Trump: Strike was ‘to stop a war’

Iran vows to re­tal­i­ate; US send­ing troops to Mideast amid ten­sions

Orlando Sentinel - - FRONT PAGE - By Zeke Miller, Robert Burns and Lolita C. Bal­dor

WASH­ING­TON — Pres­i­dent Don­ald Trump de­clared Fri­day that a “reign of ter­ror is over” as he marked the death of an Ira­nian gen­eral killed in a U.S. drone strike he said he or­dered and as the Pen­tagon scram­bled to re­in­force the Amer­i­can mil­i­tary pres­ence in the Mid­dle East in prepa­ra­tion for reprisals by Tehran, which vowed “harsh re­tal­i­a­tion.”

Gen. Qassem Soleimani “made the death of in­no­cent peo­ple his sick pas­sion,” Trump said from his es­tate in Palm Beach, Florida, adding “a lot of lives would have been saved” if he’d been hunted down years ago.

Trump re­jected con­cerns that his de­ci­sion to kill the head of Iran’s elite Quds force, would draw the U.S. into a wider con­flict in the Mid­dle East.

“We took ac­tion last night to stop a war,” he said. “We did not take ac­tion to start a war.”

Pen­tagon of­fi­cials said 3,000 to 3,500 troops from the 82nd Air­borne Divi­sion based at Fort Bragg, North Carolina, are de

ploy­ing to Kuwait. That’s in ad­di­tion to the 600 sent ear­lier this week in re­sponse to Bagh­dad em­bassy protests.

Al­most 24 hours af­ter the at­tack on Soleimani, an­other airstrike killed five mem­bers of an Ira­nian-backed mili­tia north of Bagh­dad, an Iraqi se­cu­rity of­fi­cial said.

Ira­nian-backed mili­tias in Iraq known as the Pop­u­lar Mo­bi­liza­tion Forces con­firmed the strike,

The Amer­i­can mil­i­tary did not carry out the re­ported at­tack, ac­cord­ing to a U.S. of­fi­cial who spoke on con­di­tion of anonymity.

Also Fri­day, the Pen­tagon placed an Army brigade in Italy on alert to fly into Le­banon if needed to pro­tect the Amer­i­can Em­bassy there, part of a se­ries of mil­i­tary moves to pro­tect U.S. in­ter­ests in the Mid­dle East. Speak­ing on con­di­tion of anonymity, an of­fi­cial said the U.S. could send 130 to more than 700 troops to Beirut from Italy.

Re­in­force­ments were or­dered as U.S. of­fi­cials said they had com­pelling in­tel­li­gence that Soleimani was plan­ning a sig­nif­i­cant cam­paign of vi­o­lence against the United States.

Trump said of Soleimani: “We caught him in the act and ter­mi­nated him,” adding, “We take com­fort in know­ing that his reign of ter­ror is over.”

U.S. of­fi­cials of­fered few de­tails of what they said was a plot to kill Amer­i­can sol­diers and diplo­mats. The men­tion of diplo­mats seemed to sug­gest that tar­gets in­cluded an Amer­i­can em­bassy — pos­si­bly the one in Bagh­dad that was stormed by pro-Iran mili­tias last week.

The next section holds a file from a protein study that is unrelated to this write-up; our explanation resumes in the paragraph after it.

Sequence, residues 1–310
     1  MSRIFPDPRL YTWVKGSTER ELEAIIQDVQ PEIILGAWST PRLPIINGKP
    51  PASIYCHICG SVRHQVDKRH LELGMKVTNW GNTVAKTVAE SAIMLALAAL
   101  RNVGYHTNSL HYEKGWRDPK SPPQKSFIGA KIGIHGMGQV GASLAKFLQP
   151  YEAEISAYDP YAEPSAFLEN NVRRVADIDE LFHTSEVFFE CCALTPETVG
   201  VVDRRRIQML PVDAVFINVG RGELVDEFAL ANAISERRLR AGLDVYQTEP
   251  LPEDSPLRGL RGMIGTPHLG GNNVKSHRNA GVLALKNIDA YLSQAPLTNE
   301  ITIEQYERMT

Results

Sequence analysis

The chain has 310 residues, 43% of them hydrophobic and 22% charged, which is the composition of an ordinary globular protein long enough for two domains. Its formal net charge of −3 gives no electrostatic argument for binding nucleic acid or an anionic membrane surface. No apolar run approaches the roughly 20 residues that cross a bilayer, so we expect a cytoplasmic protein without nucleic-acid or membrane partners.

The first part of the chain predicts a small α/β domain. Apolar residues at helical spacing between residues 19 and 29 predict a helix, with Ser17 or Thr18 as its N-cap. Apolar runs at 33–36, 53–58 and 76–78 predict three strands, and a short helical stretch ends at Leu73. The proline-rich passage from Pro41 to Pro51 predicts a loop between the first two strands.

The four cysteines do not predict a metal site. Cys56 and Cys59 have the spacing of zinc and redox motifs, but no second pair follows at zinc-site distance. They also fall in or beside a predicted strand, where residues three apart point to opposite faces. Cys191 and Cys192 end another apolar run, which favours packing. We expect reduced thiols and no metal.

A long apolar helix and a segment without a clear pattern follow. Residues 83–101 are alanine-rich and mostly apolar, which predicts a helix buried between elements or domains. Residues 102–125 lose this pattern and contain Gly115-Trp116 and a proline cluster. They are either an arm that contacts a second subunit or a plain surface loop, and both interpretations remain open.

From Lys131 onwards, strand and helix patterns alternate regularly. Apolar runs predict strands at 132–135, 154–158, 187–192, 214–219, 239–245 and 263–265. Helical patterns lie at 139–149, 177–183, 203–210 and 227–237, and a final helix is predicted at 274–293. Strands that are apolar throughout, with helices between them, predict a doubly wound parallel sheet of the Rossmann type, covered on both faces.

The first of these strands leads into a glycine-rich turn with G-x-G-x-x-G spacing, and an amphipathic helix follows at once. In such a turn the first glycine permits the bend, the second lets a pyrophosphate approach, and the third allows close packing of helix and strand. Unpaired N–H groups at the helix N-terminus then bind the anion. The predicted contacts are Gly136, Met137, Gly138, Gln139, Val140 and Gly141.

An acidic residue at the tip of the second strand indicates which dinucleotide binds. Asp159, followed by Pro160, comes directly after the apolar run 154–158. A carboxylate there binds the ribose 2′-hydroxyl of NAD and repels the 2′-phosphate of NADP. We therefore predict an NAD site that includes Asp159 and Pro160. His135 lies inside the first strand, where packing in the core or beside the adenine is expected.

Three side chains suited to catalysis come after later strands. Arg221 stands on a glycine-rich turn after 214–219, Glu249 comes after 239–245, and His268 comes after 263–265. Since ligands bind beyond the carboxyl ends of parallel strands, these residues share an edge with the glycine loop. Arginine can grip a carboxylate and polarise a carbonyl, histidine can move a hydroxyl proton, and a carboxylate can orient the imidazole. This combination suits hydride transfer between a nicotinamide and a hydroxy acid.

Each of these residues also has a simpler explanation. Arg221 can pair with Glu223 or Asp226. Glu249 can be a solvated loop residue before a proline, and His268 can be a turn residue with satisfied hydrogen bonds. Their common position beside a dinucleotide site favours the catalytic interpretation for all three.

“There was an im­mi­nent at­tack,” Sec­re­tary of State Mike Pom­peo said on Fox News. “What was sit­ting be­fore us was his trav­els through­out the re­gion and his ef­forts to make a sig­nif­i­cant strike against Amer­i­cans. There would have been many Mus­lims killed as well — Iraqis, peo­ple in other coun­tries as well.”

Pom­peo de­fended the strike as “wholly law­ful.”

The strike marked a ma­jor es­ca­la­tion in the con­flict be­tween Wash­ing­ton and Iran. The two na­tions have faced re­peated crises since Trump with­drew from the 2015 nu­clear deal and im­posed crip­pling sanc­tions.

Soleimani was a cul­tural icon in Iran and the re­puted master­mind be­hind the Is­lamic Repub­lic’s mil­i­tary op­er­a­tions through­out the re­gion, back­ing Houthi rebels in Ye­men, the Hezbol­lah party in Le­banon and other groups.

He also helped fight against Is­lamic State mil­i­tants who at one point seized large parts of Iraq and Syria.

The at­tack — which also killed Abu Mahdi alMuhan­dis, deputy com­man­der of the Pop­u­lar Mo­bi­liza­tion Forces — im­me­di­ately in­flamed ten­sions in the re­gion. Al­ready, Wash­ing­ton and Tehran have been en­gaged in a steadily sim­mer­ing tit-for­tat con­flict since Trump with­drew from the 2015 land­mark Iran nu­clear deal and reim­posed harsh sanc­tions that have bat­tered Tehran’s econ­omy.

“Harsh re­tal­i­a­tion is wait­ing” for the United States, Iran’s Supreme

Leader Ay­a­tol­lah Ali Khamenei warned in Tehran as he de­clared three days of mourn­ing and ap­pointed Maj. Gen. Es­mail Ghaani, Soleimani’s deputy, to re­place him.

Thou­sands of wor­ship­pers in Tehran took to the streets af­ter Fri­day prayers to con­demn the killing, wav­ing posters of Soleimani and chant­ing “Death to de­ceit­ful Amer­ica.”

The United States urged its cit­i­zens to leave Iraq “im­me­di­ately” as fears mounted that the strike and any re­tal­i­a­tion by Iran could ig­nite a con­flict that en­gulfs the re­gion.

The White House did not in­form law­mak­ers be­fore the strike. De­fense Sec­re­tary Mark Esper no­ti­fied House Speaker Nancy Pelosi of the strike shortly be­fore the Pen­tagon con­firmed it pub­licly.

The strike touched off a de­bate in Wash­ing­ton, with Repub­li­cans hail­ing the ac­tion as a de­ci­sive blow against a long­time en­emy with Amer­i­can blood on his hands and Democrats ex­press­ing con­cern that the pres­i­dent was risk­ing a new war in the Mid­dle East.

With Congress re­turn­ing to town af­ter the hol­i­days for a pre­sumed Se­nate im­peach­ment trial, Trump risked sus­pi­cion that he was tak­ing ac­tion over­seas to dis­tract from his po­lit­i­cal trou­bles at home.


Pres­i­dent Don­ald Trump speaks dur­ing a cam­paign event held in Mi­ami on Fri­day.


A boy in Tehran car­ries a por­trait of Ira­nian Gen. Qassem Soleimani, who was killed in a U.S. drone strike in Bagh­dad.

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